During this time he subscribed to a midway magazine called The Billboard, and came across the Schmidgall Museum up for sale in Peoria Ill. Nick purchased all of the freaks, but the purchase caused some problems. It took a lot of elbow grease and time to set up the tent in every town. And so Nick designed and Built a 32 foot long walk through trailer. The freaks were thus permanently displayed and it eliminated unnecessary handling. This was the largest freak exhibit of its kind.

The profit earned during the summer tours was turned back, each year, into the midway. Eventually the midway consisted of 5 major rides all constructed by Nick and the Family. Nicks ability to attack an idea from every angle, helped in creating some of the most important innovations in Carnival history. Today we look at the merry-go-round and take for granted that it has always been as it is today. This is not so, back in the early 20th century the Merry-go-Round was simply wooden horses and loveseats that went in a continuous circle... but Nicks love for equestrian riding got him to thinking there was something lacking. So he created the mechanism that made the horses move up and down which was the advent of the bobbing horse merry-go-round.

All Ferris Wheels in the past were made of wood and built upright. The problem with this was travelling through the Prairie Provinces was that the wind would pick up and blow them over, splintering them into irreparable piles of rubble. Nick designed a 45-foot Ferris Wheel on a trailer base made of steel. That could be folded in half and this brought on the advent of trailer based rides.

One of Nick's most famous contributions to carnival history was the invention of the teacup ride as seen in Disneyland.
 

With rides also came live exotic animal shows. Lewchuk's Midway and Shows carried a great monkey act called, Monkey Business! Monkey Shines!, where the monkeys were dressed and acted like humans. There were dancing bears, learned Goats [an act to which the goat could do math by the clomping of its hoof, coinciding with numeric equations], trained dogs, horses, and even wild bores!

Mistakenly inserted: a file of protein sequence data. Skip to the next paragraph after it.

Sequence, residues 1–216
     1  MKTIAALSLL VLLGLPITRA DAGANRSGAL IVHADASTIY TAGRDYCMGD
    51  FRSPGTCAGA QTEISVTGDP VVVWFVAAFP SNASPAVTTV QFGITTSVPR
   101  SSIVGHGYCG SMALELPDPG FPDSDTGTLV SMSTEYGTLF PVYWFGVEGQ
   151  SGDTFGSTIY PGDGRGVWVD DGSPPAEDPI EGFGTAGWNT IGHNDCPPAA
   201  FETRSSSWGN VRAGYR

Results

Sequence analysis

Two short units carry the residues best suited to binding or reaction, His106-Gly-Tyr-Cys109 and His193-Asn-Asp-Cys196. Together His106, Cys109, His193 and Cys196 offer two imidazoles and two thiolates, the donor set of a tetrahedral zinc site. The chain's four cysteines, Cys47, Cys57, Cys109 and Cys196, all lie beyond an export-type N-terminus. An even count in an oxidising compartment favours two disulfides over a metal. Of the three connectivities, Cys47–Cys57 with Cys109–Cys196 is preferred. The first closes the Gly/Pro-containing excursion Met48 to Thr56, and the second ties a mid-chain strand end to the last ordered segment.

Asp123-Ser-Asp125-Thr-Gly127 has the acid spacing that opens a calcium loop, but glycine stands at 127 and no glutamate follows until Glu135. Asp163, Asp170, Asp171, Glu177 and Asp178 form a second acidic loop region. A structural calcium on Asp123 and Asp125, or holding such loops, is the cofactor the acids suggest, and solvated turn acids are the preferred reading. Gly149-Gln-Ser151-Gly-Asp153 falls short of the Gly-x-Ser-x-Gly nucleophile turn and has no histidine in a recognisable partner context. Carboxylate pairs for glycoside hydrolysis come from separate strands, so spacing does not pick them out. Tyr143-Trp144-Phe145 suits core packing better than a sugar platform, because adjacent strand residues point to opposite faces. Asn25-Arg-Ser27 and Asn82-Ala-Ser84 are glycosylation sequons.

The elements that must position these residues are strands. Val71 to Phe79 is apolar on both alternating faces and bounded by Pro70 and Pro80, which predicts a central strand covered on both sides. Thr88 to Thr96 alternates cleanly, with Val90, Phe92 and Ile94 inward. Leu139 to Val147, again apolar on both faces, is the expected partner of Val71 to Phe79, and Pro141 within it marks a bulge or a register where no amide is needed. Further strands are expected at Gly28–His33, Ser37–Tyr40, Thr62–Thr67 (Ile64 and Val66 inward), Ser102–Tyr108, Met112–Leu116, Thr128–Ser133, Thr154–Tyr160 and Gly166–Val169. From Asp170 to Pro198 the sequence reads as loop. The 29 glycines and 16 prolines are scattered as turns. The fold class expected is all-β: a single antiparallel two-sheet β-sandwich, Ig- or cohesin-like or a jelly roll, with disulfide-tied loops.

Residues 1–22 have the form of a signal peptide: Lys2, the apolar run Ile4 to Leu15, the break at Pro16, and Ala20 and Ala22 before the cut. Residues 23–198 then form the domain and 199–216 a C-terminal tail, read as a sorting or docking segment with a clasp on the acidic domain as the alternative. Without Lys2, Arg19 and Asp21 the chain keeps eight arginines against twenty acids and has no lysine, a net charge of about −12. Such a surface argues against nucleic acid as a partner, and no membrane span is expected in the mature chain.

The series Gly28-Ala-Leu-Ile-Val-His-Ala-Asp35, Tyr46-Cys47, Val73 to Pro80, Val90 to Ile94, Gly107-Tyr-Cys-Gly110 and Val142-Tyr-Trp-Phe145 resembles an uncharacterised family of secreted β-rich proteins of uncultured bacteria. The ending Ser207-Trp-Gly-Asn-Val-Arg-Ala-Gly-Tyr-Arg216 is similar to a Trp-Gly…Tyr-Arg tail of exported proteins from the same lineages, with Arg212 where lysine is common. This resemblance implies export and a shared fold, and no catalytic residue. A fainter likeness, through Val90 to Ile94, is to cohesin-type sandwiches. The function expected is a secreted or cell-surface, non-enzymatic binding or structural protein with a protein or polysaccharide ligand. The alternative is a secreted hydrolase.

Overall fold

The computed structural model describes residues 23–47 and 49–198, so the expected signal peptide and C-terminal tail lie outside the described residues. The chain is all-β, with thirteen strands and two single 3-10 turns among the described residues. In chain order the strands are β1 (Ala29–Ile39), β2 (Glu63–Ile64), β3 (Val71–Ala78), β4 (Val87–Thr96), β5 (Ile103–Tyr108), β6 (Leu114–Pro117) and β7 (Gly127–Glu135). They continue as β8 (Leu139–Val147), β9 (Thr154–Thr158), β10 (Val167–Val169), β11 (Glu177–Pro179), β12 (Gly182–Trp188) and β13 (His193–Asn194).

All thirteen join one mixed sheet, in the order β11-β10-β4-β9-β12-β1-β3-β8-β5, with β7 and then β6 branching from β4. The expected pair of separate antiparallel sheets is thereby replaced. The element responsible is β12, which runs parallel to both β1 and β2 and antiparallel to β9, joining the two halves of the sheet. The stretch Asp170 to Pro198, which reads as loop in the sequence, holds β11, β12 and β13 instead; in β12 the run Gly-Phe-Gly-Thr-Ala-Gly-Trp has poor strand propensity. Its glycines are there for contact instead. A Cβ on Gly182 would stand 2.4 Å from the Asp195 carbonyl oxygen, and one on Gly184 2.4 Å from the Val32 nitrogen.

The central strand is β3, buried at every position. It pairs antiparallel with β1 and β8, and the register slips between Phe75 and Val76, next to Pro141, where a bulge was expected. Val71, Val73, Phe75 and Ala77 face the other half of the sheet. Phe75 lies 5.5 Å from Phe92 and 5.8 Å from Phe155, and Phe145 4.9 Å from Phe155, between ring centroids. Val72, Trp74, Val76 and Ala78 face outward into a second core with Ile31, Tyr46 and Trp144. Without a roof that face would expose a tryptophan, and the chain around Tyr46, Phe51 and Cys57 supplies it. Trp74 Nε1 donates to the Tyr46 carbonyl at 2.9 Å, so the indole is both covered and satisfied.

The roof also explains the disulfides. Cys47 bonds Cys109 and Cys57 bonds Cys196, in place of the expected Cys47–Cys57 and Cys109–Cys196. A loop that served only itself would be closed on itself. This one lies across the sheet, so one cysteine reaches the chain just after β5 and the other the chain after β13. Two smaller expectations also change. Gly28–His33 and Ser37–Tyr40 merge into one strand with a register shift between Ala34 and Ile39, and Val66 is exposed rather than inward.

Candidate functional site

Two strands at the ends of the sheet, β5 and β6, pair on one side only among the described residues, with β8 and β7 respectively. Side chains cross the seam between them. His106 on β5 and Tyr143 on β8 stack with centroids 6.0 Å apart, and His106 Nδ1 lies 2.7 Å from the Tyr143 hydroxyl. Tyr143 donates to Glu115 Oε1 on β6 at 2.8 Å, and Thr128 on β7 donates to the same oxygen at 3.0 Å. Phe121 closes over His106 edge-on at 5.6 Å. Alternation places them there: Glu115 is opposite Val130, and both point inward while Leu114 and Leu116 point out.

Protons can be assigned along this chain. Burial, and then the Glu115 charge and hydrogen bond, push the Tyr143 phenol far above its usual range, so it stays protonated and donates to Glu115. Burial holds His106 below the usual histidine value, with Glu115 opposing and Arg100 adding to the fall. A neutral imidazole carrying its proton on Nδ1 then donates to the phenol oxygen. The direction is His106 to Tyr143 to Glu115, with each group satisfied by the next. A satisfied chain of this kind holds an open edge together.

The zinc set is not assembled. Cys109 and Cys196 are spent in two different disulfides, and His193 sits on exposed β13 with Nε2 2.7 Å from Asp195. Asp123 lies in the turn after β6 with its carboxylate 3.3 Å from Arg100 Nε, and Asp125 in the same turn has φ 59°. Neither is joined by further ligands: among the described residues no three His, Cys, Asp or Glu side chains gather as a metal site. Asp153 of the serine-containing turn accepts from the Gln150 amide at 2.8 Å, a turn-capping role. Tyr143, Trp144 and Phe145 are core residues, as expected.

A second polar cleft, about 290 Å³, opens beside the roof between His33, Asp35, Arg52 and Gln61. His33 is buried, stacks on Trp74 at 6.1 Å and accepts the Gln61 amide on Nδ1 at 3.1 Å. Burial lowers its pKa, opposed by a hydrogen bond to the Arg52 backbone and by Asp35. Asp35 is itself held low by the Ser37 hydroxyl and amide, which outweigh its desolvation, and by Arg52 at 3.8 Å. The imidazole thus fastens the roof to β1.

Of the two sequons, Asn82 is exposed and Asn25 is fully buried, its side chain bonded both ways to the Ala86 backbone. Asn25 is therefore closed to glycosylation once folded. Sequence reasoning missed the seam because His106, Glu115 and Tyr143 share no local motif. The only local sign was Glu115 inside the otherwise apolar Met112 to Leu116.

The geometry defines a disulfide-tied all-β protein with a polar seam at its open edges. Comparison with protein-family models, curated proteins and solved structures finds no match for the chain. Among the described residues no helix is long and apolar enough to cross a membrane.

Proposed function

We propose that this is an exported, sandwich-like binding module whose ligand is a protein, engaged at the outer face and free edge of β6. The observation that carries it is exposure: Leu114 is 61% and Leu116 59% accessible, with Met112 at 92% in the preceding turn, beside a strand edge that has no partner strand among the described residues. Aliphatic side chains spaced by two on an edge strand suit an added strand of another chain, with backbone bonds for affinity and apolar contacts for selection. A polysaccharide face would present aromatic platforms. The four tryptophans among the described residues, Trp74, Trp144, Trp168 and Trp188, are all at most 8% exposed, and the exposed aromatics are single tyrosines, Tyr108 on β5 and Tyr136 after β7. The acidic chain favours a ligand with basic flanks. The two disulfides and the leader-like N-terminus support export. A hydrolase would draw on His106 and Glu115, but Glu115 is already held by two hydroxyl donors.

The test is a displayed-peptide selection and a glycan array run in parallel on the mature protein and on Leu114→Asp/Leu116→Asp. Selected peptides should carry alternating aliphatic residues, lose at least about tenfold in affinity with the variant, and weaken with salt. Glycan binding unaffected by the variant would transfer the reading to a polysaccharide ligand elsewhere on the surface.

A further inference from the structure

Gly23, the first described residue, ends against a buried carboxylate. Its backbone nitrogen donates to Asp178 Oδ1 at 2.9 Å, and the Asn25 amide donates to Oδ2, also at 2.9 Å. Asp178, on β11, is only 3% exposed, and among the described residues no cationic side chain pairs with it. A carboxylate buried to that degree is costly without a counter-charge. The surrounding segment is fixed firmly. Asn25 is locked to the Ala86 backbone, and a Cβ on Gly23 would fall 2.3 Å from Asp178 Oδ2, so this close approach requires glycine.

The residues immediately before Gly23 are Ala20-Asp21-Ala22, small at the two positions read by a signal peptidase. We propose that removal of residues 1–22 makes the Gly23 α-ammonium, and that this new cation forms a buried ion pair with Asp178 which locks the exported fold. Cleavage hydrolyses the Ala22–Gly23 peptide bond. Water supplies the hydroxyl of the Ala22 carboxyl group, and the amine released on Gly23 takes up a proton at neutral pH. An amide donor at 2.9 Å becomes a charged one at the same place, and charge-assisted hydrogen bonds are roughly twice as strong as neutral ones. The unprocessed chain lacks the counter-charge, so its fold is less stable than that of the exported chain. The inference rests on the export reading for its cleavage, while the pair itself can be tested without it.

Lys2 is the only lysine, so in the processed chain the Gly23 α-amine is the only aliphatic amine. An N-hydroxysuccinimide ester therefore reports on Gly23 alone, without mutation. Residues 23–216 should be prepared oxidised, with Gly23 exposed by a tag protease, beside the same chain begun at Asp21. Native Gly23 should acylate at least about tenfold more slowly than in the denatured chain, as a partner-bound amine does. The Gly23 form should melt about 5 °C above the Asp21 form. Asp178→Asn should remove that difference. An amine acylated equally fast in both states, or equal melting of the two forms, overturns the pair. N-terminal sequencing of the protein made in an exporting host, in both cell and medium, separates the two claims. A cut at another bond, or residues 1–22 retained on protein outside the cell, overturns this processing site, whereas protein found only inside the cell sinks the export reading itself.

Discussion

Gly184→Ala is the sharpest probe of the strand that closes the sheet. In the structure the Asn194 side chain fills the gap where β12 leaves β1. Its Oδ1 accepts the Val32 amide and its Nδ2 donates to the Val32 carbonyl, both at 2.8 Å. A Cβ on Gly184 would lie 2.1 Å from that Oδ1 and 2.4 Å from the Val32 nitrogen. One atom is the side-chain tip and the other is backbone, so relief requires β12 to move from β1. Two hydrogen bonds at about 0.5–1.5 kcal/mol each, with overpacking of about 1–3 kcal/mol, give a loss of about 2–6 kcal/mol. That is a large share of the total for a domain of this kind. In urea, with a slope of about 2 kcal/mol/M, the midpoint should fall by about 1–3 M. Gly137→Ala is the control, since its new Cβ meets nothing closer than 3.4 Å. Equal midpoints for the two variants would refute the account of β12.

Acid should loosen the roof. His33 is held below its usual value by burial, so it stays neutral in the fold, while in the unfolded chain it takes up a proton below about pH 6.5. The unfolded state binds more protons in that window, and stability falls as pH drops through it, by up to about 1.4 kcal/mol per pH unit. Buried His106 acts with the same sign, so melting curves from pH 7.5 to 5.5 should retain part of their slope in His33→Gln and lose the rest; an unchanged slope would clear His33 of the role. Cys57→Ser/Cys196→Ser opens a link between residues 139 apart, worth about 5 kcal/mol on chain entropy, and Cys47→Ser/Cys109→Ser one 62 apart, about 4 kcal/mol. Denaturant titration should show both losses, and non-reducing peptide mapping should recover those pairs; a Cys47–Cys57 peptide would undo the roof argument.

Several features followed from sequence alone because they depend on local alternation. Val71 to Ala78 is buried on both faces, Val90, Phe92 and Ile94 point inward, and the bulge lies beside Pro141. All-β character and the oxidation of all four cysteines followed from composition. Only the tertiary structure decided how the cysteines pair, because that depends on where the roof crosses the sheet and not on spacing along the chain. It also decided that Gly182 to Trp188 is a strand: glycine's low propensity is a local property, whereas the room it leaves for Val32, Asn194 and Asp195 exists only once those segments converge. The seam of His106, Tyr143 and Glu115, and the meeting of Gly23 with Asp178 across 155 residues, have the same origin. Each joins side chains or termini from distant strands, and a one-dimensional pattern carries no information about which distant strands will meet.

And of course there were the big cats, a Lynx, and Ocelot, and the majestic Lions. Over the years many side show acts worked on Professor Lewchuk's Midway and Shows, some of these included Hollywood film star JJ Dalke and his trained dogs, also R. Stoneman's Trained animal acts featuring "Sparky" [trained wonder horse] and "Billy" [trick goat]. And throughout all of this Nick created and performed a new two and a half hour show yearly.

In 1959, there was even a royal visit by Queen Elizabeth and Prince Philip at the midway! As time wore on Nick decided to slow down and ended up opening a stationary tourist attraction on June 5th, 1963 in Canora Sask. it was simply called the "Fun Spot". This soon would become the end to his travelling completely as his wife of 52 years, Anastasia, passed away in 1968, and a major point of strength and support had left his life.